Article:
Thursday, November 29, 2012


Cindy Hinant's solo show, Aesthetic Relations, at Joe Sheftel features her projects in the past two years. Wandering inside a gallery filled with Sephora logos, questionnaires, graph papers and monochromes, viewers can easily recall some moments of their lives -- a past shopping experience or taking notes on a grid notebook. This feeling of connection is probably what Hinant aims to create in this exhibition, through which she conveys the message that art can be a universal experience, rather than a lofty aesthetic practice. While taking inspirations from relational aesthetics and minimalism, the works on view are neither a direct reference nor an apparent opposition to those movements. Instead, she borrows from them certain ideas and forms, reshapes them through distortions and additions, and tries to form a dialogue with general audiences who may come from any background. 

Taking advantage of people’s familiarity with the French cosmetic chain store Sephora, Hinant created the Sephora Project in which she visited more than two dozen stores in Manhattan. She recorded her shopping experience of each visit, such as her conversation topics with the store employees, and whether free samples were received, in a questionanaire. This project is displayed in three parts, with two of them being questionnaires framed in glass, while the third part serves as a map of Manhattan, utilizing Sephora logos to indicate store locations. Similar to relational art that aims to create a social environment in which people participate in shared activities, the Sephora Project also brings its viewers (especially females) together through their common interest in physical attractiveness and their recognition of a popular brand. But there is also a clear difference between Hinant and her predecessors. Relational artists in the 90s usually created actual events that required people to come together. For example, artist Rikrit Tiravanija cooked Thai food for visitors at 303 Gallery in 1992, where the event itself was a show, and the viewers’ experiences became art. In Sephora Project, however, Hinant places herself as a central hub and connects people into an intangible net, without asking anyone to meet anyone. This is achieved by transforming a general experience (shopping for beauty products) into her own specific experiences in those Sephora stores, which would share some common aspects with almost anyone’s individual experience. And through those non-concurrent encounters with her, the viewers are also related to each other.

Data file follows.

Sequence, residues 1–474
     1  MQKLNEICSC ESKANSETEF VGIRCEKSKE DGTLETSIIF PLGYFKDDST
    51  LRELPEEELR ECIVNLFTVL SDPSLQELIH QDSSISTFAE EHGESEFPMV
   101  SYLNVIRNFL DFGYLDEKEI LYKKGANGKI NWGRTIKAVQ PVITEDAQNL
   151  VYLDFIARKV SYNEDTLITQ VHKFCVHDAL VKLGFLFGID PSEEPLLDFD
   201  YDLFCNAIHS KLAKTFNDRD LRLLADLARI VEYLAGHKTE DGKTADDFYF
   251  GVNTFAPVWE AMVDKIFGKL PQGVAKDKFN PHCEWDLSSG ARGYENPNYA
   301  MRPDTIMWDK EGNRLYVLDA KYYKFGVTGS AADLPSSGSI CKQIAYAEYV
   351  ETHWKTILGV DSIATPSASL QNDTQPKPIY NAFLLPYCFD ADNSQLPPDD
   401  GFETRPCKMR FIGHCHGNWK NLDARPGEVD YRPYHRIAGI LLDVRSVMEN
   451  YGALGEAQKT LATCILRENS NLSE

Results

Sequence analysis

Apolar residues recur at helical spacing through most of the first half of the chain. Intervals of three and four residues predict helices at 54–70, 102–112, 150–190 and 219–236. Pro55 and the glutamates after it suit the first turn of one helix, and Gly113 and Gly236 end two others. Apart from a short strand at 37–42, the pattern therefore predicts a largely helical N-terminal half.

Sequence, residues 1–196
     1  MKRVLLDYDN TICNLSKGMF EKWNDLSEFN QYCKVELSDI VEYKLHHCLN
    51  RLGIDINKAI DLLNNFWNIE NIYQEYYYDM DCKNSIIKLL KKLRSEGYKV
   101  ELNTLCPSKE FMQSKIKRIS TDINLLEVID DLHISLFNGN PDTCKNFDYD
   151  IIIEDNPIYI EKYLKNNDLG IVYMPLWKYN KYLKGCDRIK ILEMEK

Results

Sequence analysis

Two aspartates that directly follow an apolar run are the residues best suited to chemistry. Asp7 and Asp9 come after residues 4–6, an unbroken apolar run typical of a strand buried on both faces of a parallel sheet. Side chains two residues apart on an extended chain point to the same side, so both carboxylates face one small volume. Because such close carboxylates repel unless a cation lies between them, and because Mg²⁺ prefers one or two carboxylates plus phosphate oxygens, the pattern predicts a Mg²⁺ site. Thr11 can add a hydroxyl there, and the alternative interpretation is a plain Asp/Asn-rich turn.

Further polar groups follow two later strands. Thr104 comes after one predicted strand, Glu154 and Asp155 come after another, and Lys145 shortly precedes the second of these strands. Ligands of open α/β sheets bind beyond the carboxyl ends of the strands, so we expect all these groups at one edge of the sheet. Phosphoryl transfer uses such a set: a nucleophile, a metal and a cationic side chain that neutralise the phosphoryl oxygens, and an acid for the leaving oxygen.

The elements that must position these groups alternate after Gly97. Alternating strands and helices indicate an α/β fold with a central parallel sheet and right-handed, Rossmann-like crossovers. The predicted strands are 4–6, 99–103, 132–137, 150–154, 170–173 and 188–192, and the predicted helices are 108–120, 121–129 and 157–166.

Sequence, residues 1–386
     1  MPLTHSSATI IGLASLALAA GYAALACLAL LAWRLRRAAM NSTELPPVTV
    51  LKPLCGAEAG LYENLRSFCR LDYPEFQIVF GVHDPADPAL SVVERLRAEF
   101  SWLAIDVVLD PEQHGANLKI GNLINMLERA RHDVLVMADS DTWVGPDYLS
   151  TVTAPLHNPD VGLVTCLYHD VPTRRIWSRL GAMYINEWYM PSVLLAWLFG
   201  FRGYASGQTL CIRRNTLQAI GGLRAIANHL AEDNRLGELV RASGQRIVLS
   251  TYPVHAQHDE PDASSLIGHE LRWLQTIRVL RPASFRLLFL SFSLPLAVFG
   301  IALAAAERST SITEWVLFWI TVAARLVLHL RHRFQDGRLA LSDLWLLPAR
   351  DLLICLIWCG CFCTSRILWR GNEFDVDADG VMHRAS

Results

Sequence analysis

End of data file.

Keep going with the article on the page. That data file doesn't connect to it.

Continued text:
While making a reference to minimalism by employing geometric shapes, Hinant’s Bed Grid series, three graph papers of identical size, fails to suggest the order and control that are usually embedded in minimalist art. Drawn with red or grey pens, these handmade grids are full of flaws -- some intervals are larger than the others, some lines are not parallel to one another, and sometimes the same line can be thicker and darker in one part while thinner and lighter in others -- perhaps intentionally done as a protest against precision. As apposed to the intimidating perfection of computer-generated graph papers, Hinant’s “tolerance” with these flaws certainly brings the viewer closer to her works, since mistakes are something we all make. As an extension of the Bed Grid series, Selfish, 2012, a HD digital video, shows static computer-generated grids in black, with vertical lines missing on a third of the screen to the right. Instead of breaking the perfection with defective lines, Hinant challenges the notion of minimalism by adding a Britney Spears song to the video. Not only is the addition itself the opposite of “reduction” -- the very essence of minimalism -- it also destroys the “fine art” feature of minimalist art by mixing it with products of popular culture. 

While many artists today try to make art exclusive to a small group of audience, Hinant insists on inviting everybody to the party. In this exhibition she plays with the elements found in relational aesthetics and minimalism, but injects her works with naughty deviations. While a general audience may not understand her works from a historical context, everyone can feel her friendly effort in seeking what we have in common. 


  1. The introduction could use some clarifications. There are claims and descriptions that set the review up for a vague first impression. Does Hinant’s work make a direct opposition to movements of the past? Is this the focus of the work? Putting the work into this historical framework does not help me, as a reader, to get a grasp of what this work is trying to do. Is it feminist? Or is it art-historical critique? There are opposing ideas of the artist’s content, and the content you are creating that confuses me. A concluding paragraph could have helped describe the big idea.

  2. Overall, I appreciate your review. However, it does need some clarification. The first paragraph seems as if it's setting up some larger critique, but it never really gets there. You mention various movements/aspects of art history, but I feel like there is a way to expand upon these throughout the rest of the review. How does the "pop culture" aspect destroy the "fine art" aspect? When you reference art history, also remember pop culture has its own niche.